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Leadership Is All About Connection


A college freshman walks into his very first college course – the dreaded eight o’clock class.

Freshman year can be a bit awkward, especially so for this young man. He barely graduated high school, was forced to suspend any dreams he had of going away to school like the rest of his friends and felt stuck going to a junior college. Life did not quite work out his way up to this point.

His father died when he was 15, he was cut from every sports team, never “fit in” anywhere in high school. A shy, overweight, average young man who felt fairly invisible in what felt like the college for misfits.

The students shuffled in, plopping behind desks that felt sized for a middle school student. In walks a man just under six feet tall, wearing wrinkled black pants, white dress shirt untucked, adorned with a black necktie that was loosened like he had already been through a long day.

His wiry black hair was disheveled and his grin completed the package of the image of a mad scientist. Professor Herman Heluza fit the bill for what one would expect for a junior college instructor of a freshman English class.

Already defeated, our young college student readied himself for another series of struggles, trying to make something of himself. Failure defined his existence to this point.

He was never a particularly good student, especially in high school. He had all but given up being anything. He knew he wasn’t very smart, believed that he didn’t have much in the way of mental capacity and intellectual capabilities. It had be reinforced throughout high school. Just to graduate from High School he had to beg a teacher to give him a D in Geometry after he had failed it once before.

English was definitely not his strong suit. Identified as having a reading comprehension problem in sixth grade, he never quite recovered. His work was always sub-standard. He knew how to do just enough to squeak by. In his writing, he grew used to seeing a lot of red ink all over his papers.

He submitted his first paper, not thinking much of it. Receiving it back in class he skipped through the first few pages to go to where the grade would be, on the back page.

Wait, what? A double take. A big letter A. Verifying it was his paper, his immediate thought? “This crazy prof didn’t read my paper.”

Over the course of the semester he kept getting papers with very few comments (translate…very little red ink) and A’s. Wow, this had never happened before, ever!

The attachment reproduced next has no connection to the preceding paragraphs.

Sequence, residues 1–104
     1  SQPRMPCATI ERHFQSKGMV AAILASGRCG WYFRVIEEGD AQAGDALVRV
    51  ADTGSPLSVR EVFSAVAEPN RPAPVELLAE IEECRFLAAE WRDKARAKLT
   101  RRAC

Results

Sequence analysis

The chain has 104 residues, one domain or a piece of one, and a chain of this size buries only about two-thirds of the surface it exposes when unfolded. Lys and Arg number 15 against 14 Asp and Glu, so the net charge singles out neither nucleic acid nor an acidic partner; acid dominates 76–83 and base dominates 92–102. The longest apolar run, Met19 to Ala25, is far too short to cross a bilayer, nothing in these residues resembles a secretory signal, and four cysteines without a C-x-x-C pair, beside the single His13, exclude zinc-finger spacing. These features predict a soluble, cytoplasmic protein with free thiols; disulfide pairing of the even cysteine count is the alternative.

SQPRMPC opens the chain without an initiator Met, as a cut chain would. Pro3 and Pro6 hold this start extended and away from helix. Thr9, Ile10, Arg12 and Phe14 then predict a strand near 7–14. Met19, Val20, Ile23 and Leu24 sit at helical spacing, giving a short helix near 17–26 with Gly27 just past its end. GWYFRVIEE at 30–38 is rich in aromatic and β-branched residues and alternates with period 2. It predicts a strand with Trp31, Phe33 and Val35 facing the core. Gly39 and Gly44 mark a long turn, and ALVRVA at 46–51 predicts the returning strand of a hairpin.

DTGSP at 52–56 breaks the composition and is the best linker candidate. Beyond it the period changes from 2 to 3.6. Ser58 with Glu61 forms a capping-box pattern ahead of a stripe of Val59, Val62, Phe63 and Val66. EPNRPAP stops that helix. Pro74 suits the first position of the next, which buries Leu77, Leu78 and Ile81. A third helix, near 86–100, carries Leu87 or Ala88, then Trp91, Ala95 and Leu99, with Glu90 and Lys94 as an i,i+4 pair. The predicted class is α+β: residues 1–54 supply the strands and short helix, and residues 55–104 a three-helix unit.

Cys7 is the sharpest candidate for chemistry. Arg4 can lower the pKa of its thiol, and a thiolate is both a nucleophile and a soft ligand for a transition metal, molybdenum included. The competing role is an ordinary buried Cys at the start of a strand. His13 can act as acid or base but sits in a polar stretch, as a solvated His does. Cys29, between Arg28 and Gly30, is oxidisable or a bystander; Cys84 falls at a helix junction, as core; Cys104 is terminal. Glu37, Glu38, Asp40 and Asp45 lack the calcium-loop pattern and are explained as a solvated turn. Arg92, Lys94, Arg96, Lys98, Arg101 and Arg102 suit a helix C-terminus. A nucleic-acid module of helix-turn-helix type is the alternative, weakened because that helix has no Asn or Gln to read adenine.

The final paper, Professor Heluza provided ample feedback with a note at the end, “Please make an appointment with me to come see me as soon as possible!” Yikes! Gulp! His first thought? “He thought I cheated.”

The student remembers, “I knew this was all too good to be true; he thinks I’m plagiarizing.”

The two connected in the professor’s office. Professor Heluza sat down, looked the student in the eye (a bit uncomfortably) and said “I love your writing!”

Shocked, the young man listened. Herman leaned in a little closer, “There’s a gift inside of you that you have to let out. The world needs what you have to offer! You are going to be a great writer and speaker some day.”

That day, this odd, disheveled, sort of weird College Freshman English Professor named Herman connected a skipped over, discarded, “dumb” student with purpose and meaning. Heluza was able to tap into latent potential, unrealized capacity that gave this young man a platform from which to contribute.

There is a gift inside each of us that is waiting to be expressed! It is your unique contribution that fulfills your innate sense of what it means to be human. You long – we all do – for a place to contribute and make an impact.

What Herman Heluza did for that young man was to connect his capacity with a specific way to contribute.

John Quincy Adams said “You’re a leader if you inspire others to dream more, learn more, do more, and become more.” You could say Professor Heluza was a leader! Leaders of thriving organizations inspire people to realize their capacity, their gift, to contribute to the organization. It’s all about connection, taking the time to meaningfully engage so we can see the potential in people even when they have lost sight of what they can offer.

There is more power in relationship than any position, piece of information or expertise can provide. Relationships are power. Our new economy is based on an age old natural resource; our ability and capacity to connect with people and their potential. Herman Heluza connected capacity with contribution and saved the life of a young man who thought he would amount to nothing.

Here’s something to consider:
 As a leader, what tone are you setting?
 Are you cultivating a climate where meaningful connections are established?
 Are you about opening gifts and breathing inspiration into people?
 Does your organization have a culture that is a place where people can contribute the best of what they have to offer?

The rest of the story? The young man went on to graduate college with a Bachelor’s Degree (with honors), one semester obtaining a 4.0 GPA. He completed a Masters degree from an Ivy League university and went on to get his doctorate and eventually became a published author and speaker.

All because of the power of one person recognizing the gift of another!

Shane Roberson